So how do you control it?



Returning from War #1

This is a companion to my first post on deploying:

So I was returning from my first deployment, I hadn’t realized it at the time, but I was changed.  I traveled home by myself, since I was an individual augmentee it wasn’t like I was redeploying with my unit.  Basically a military rotator flight flies us back from the middle east and drops us off in Baltimore, from there we split up to our home cities.  Baltimore is kind of nice, there is a random crowd of people greeting the returning veterans.  After that though you’re on your own depending on what city you’re going to.  I opted to arrange my travel to travel straight through to my home base overnight after Baltimore just so that I could get home earliest.  It was exhausting, and I was arriving very early in the morning.  I had only told my friends who were picking me up my travel plans.  I didn’t want a bunch of people to have to wake up early on the weekend to see me.  Although when I got back, I was surprised because not only my couple friends were there but also another man in a suit.  He introduced himself as my new commander, he had found out and kept track of my return time, and woken up early to greet me back before he had to head off for a family event.  That really left an impression on me as to what it means to be a leader.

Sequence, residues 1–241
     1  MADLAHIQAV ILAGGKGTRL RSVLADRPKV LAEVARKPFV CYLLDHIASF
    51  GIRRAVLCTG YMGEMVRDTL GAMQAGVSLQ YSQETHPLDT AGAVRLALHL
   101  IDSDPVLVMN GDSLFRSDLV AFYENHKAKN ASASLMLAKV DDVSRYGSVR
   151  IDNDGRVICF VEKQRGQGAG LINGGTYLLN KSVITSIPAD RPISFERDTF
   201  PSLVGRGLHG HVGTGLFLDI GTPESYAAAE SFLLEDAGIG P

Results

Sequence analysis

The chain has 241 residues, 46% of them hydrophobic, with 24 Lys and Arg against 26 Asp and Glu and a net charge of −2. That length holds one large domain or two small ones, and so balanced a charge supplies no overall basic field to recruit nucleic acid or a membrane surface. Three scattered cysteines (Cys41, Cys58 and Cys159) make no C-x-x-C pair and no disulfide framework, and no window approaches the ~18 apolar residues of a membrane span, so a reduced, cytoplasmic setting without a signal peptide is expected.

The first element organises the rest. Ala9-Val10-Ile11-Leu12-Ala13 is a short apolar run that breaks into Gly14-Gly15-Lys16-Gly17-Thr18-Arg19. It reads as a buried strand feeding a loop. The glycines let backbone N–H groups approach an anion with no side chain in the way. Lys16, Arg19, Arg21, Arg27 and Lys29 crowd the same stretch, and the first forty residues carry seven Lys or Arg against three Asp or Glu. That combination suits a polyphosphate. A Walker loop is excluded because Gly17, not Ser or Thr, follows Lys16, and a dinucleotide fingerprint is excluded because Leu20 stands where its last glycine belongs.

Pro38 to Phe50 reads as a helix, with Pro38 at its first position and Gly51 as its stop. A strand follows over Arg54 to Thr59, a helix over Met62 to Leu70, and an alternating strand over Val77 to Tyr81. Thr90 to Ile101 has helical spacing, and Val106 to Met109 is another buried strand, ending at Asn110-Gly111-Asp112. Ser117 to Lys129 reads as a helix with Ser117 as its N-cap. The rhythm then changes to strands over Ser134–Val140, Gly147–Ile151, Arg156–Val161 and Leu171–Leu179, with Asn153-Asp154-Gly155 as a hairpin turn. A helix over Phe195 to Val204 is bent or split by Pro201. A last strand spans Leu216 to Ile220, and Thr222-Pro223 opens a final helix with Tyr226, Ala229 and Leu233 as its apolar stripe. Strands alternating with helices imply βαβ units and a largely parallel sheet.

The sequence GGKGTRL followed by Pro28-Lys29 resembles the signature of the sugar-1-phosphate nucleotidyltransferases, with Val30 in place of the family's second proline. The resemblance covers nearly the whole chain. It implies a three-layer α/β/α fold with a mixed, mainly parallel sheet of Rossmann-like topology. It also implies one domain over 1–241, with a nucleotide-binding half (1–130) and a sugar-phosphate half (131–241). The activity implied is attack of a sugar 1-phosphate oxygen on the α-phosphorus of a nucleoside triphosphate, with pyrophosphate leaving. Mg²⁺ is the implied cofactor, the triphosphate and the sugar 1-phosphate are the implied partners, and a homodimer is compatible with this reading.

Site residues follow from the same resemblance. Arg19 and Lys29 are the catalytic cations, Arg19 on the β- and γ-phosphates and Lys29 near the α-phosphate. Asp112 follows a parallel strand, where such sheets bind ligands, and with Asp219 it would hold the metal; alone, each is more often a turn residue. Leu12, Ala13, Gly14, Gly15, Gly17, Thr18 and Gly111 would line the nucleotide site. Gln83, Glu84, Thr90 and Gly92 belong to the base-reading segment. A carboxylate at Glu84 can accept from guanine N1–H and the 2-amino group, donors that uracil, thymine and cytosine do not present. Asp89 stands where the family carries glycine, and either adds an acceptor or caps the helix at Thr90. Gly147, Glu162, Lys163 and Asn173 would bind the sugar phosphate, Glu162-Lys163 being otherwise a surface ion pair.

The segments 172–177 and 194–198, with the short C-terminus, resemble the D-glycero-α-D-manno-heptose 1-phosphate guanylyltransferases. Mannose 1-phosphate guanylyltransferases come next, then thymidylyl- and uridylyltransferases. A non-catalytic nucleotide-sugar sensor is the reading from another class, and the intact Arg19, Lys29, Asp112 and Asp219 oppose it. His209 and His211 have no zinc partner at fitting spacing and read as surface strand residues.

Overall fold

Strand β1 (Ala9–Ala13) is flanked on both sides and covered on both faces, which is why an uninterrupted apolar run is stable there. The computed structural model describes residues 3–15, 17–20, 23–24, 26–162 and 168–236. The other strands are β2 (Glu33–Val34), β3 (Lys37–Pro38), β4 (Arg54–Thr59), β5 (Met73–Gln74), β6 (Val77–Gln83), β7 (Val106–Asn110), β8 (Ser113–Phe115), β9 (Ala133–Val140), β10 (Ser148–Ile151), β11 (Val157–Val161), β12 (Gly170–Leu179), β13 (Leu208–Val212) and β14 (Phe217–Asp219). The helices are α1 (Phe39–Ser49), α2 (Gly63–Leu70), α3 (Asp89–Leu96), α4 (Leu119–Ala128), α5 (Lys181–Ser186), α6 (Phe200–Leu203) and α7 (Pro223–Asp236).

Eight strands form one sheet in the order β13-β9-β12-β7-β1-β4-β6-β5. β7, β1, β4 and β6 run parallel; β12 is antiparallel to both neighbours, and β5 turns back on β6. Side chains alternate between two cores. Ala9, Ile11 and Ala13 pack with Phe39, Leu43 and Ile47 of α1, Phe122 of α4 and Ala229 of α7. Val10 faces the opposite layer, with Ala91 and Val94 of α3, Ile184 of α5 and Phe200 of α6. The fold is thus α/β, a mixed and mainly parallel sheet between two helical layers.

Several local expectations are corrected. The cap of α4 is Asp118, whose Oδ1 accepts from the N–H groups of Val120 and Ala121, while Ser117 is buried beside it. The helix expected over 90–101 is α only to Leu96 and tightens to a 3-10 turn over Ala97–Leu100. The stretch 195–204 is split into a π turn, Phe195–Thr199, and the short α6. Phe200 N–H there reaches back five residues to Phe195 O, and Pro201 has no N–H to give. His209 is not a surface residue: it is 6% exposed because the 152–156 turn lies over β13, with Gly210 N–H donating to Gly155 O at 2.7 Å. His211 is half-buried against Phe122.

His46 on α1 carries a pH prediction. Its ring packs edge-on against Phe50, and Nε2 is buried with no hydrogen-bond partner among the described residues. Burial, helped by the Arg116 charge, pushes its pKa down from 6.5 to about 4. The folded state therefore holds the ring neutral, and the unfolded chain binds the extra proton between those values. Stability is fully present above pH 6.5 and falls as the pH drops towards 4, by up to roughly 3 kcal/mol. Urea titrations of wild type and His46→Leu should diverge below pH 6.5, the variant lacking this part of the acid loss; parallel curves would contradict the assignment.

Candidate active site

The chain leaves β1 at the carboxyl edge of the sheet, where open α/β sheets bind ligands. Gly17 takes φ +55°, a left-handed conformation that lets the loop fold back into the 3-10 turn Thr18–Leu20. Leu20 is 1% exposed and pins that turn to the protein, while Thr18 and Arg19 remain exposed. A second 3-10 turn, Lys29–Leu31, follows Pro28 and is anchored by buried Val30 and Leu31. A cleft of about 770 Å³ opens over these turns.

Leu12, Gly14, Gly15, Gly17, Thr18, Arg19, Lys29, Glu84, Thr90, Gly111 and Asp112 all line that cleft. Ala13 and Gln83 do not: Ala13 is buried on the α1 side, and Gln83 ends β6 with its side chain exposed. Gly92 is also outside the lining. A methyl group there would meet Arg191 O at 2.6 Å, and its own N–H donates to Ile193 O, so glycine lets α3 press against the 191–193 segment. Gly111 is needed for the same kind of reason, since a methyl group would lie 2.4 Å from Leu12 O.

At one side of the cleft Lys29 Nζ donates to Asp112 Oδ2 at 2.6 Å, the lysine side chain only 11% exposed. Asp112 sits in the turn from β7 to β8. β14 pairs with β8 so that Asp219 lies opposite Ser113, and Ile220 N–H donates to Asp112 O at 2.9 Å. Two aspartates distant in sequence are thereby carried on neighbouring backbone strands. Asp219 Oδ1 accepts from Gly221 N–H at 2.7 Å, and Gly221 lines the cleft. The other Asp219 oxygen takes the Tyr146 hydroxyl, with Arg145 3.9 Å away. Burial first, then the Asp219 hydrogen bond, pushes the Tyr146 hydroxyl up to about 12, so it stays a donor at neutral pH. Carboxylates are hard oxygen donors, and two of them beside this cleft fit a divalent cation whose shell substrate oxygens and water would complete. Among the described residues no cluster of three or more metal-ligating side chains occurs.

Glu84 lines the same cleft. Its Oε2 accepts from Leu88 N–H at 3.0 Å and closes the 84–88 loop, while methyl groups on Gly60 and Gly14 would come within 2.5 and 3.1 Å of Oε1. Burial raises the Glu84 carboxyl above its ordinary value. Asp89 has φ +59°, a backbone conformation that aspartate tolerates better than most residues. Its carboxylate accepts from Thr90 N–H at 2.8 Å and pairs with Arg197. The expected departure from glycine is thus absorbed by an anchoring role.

So I was back, and I did what any young person who gets back from 6 months of straight work, I partied.  Definitely started living it up.  This started a dangerous tendency to push my drinking limits higher.

I noticed other things changed.  I had a different perspective on the world, and my own life felt a lot smaller in a way.  Almost pointless given the troubles of the world.  In addition, I became more of a risk taker.  Both in hooking up, drinking, and lifestyle.  Eventually I got a motorcycle.  In some ways it was a good thing, I had always been really shy around women, and I started to do a lot better in that field afterward.  I was also a lot more decisive, a by-product of working in a warzone, which can be a good thing.  In general it was a good experience for my career and my personal development.  There was a deeper sense of companionship with others who served overseas, but also a sense of separation from those who hadn’t.  There was a dark side.

I can easily understand why so many veterans fall into substance abuse and suicide.  You realize the world is a big place, you are just a very minor player and the common every day happenings just don’t give you the same amount of pleasure.  It becomes easy to just say fuck it, and drink more or become suicidal.  And given your new found decisiveness, you are much more likely to follow through on suicidal thoughts.  It’s a dangerous spiral.

As I had written before, I spiraled into alcoholism.